DR. JAMES G.
Dateline - Memphis, Tuesday, September 7, 1999
Dr. Hughes's Ambition Laid Foundation for Le Bonheur
By Mary Powers
The Commercial Appeal
Dr. James G. Hughes, who helped shape Mid-South pediatric care through his work as a teacher and leader, died Sunday of heart failure at his Memphis home. He was 88.
Dr. Hughes played key roles in founding Le Bonheur Children's Medical Center, the Memphis Speech and Hearing Center, the city's first pediatric epilepsy clinic and The Center for Children in Crisis. "He was a dynamic person who had boundless energy and enthusiasm," said Dr. Hershel P. Wall, a University of Tennessee, Memphis, professor of pediatrics and UT College of Medicine associate dean.
An accomplished writer and musician who spoke several languages, Dr. Hughes was a decorated brigadier general, fisherman and consultant to the World Health Organization and the Rockefeller Foundation. He traveled and lectured widely in South America. Colleagues called him a Renaissance man.
"Because he was a leader he could get straight to the point. He didn't mince words," said Gene Cashman, a former Le Bonheur president and chief executive office. Today Cashman holds the same titles at LHS Inc.
Dr. Hughes was born in Memphis. He and his twin brother Dr. John D. Hughes, graduated first and second in their 1935 UT- Memphis Medical School class. While his brother went on to a career in internal medicine, Dr. Hughes focused on pediatrics. In the late 1940s, Dr. Hughes drafted a proposal for creating what would eventually become Le Bonheur, the region's lone general pediatric hospital. It opened in 1952. He lobbied for a variety of state laws designed to improve child health and welfare laws on topics ranging from adoption and fluoridation to foster care and mental health services.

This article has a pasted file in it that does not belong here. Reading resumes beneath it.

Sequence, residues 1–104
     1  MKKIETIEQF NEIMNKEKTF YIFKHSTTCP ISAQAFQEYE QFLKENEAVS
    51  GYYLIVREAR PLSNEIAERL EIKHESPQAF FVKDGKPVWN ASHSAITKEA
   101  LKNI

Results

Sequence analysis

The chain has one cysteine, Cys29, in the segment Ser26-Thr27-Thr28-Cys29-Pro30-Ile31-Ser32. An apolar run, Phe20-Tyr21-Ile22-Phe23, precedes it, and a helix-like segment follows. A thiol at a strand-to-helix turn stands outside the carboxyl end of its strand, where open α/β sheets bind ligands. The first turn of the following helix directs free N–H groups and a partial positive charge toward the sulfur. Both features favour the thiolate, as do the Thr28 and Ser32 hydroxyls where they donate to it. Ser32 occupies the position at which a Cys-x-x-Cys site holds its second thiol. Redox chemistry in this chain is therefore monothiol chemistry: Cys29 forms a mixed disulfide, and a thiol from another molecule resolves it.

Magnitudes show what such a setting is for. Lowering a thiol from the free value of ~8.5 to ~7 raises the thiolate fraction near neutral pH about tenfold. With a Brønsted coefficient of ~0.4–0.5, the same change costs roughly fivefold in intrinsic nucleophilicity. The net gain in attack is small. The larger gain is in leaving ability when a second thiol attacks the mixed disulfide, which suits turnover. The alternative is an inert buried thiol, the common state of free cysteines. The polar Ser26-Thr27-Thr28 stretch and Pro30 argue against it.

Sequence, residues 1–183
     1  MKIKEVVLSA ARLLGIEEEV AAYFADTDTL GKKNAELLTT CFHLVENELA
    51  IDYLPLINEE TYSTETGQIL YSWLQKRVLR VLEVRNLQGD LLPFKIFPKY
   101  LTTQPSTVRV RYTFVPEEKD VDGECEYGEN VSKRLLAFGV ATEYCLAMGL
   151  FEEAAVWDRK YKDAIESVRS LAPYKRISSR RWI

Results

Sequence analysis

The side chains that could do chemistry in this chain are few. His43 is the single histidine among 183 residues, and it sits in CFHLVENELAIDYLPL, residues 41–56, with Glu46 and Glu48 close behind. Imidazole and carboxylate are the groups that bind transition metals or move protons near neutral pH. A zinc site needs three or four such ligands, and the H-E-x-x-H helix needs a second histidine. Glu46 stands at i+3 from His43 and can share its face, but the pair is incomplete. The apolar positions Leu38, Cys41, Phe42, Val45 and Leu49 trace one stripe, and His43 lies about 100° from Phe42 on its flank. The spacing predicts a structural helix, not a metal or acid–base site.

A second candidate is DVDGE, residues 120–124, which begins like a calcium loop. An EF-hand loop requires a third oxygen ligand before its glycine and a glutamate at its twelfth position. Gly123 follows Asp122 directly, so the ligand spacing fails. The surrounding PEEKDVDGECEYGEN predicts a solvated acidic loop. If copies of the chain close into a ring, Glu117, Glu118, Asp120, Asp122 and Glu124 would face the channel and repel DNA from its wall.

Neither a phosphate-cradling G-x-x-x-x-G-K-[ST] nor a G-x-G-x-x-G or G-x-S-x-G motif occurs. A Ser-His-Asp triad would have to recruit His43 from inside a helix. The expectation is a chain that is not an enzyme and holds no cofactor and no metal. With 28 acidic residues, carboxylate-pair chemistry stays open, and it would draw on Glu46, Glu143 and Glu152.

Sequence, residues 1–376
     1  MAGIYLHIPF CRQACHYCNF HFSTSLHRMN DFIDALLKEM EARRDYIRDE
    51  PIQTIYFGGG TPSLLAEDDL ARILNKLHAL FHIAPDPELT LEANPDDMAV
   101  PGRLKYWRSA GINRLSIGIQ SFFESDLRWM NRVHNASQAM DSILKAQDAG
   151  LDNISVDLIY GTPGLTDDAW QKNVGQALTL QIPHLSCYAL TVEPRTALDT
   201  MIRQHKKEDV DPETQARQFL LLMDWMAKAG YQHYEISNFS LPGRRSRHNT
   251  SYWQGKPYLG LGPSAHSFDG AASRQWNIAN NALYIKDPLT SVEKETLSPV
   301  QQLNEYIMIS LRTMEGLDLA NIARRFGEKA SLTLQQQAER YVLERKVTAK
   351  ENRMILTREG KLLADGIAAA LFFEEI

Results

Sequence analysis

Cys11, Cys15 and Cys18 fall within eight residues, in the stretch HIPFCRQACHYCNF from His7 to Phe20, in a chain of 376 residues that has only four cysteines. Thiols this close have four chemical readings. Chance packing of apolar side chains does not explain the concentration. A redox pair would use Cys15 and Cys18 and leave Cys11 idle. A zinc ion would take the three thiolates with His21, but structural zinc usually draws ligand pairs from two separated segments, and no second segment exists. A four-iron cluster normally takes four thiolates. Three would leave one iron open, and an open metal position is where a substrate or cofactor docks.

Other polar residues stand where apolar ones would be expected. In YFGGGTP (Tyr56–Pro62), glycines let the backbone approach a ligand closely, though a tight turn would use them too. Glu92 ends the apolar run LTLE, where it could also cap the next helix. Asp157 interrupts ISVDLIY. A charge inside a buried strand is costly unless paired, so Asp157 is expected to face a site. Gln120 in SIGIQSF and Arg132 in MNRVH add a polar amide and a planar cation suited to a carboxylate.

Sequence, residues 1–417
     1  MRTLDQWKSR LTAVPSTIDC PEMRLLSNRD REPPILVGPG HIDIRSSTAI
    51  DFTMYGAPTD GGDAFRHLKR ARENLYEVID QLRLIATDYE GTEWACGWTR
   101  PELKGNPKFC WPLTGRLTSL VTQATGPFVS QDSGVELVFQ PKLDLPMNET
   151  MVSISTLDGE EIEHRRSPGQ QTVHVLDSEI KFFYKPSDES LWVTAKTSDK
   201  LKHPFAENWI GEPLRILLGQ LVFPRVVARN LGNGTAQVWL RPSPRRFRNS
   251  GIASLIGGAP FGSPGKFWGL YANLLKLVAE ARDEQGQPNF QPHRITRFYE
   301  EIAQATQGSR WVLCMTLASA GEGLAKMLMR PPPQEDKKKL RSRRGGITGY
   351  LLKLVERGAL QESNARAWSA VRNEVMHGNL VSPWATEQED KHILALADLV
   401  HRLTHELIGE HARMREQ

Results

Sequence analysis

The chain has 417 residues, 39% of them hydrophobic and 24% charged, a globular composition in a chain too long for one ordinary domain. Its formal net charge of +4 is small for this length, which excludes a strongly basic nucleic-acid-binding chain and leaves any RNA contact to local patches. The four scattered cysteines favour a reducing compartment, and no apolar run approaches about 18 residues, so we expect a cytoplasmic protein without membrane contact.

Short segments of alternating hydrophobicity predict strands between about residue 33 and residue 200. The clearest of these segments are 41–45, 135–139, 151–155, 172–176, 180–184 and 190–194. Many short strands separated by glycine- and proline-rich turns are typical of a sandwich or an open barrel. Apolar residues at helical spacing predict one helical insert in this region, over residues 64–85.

In 1976, after stepping down as UT-Memphis pediatrics chairman, he was the principal founder and director of the region's first and only center focused on prevention, evaluation and treatment of families touched by child abuse and neglect.
"Many children's lives have been saved because of him," said Garry Cook, the administrative director of the Center for Children in Crisis and the Parenting Center. Since opening in 1977, the nationally recognized center has evaluated and developed treatment recommendations for more than 5000 families.
Wall said the center was just one example of Dr Hughes's talent for recognizing and addressing community problems. "He was a wonderful role model," said Wall who met the senior physician as a student in 1959.
Dr. Hughes's medical career including serving as UT-Memphis pediatrics department chairman and American Academy of Pediatrics president.
He wrote 56 scientific articles and numerous books, including a widely translated textbook.
During World War II, Dr. Hughes was commanding officer of the 330th General Hospital in Italy and Africa. He continued the role in Memphis until he retired in 1970. In 1945 and again in 1970, he received the Legion of Merit for outstanding service. He also served as a special assistant to the surgeon general for reserve affairs and a pediatric consultant to the surgeon general, and he was a member of the Surgeon General's Advisory Council for Reserve Affairs.
Dr. Hughes is survived by his wife, Jane Barker Hughes; daughters Jane Coble of Nashville, Sally H. Smith of Charleston, South Carolina, and Anne H. Sayle of Lake Cormorant, Mississippi; A son Dr. Allen H. Hughes of Memphis, a brother, Dr. John D. Hughes of Memphis, eleven grand children and 2 great-grandchildren.
Canale Funeral Home has charge. Services are 11 a.m. Wednesday at Calvary Episcopal Church. Private burial will follow.
The family requests, that in lieu of flowers, any memorials be sent to the Center for Children in Crisis or Calvary Episcopal Church.
Copyright, 2000, The Commercial Appeal,
Memphis, TN. Used here with permission. No additional reproduction or distribution
of this article in
any form is permitted without the written approval of The Commercial Appeal (http://www.gomemphis.com).
Dr. James G. Hughes was the son of Memphis attorney, Thomas Allen Hughes and the grandson of Dancyville's Thomas Newton and Mary Priscilla Gilliam Hughes.
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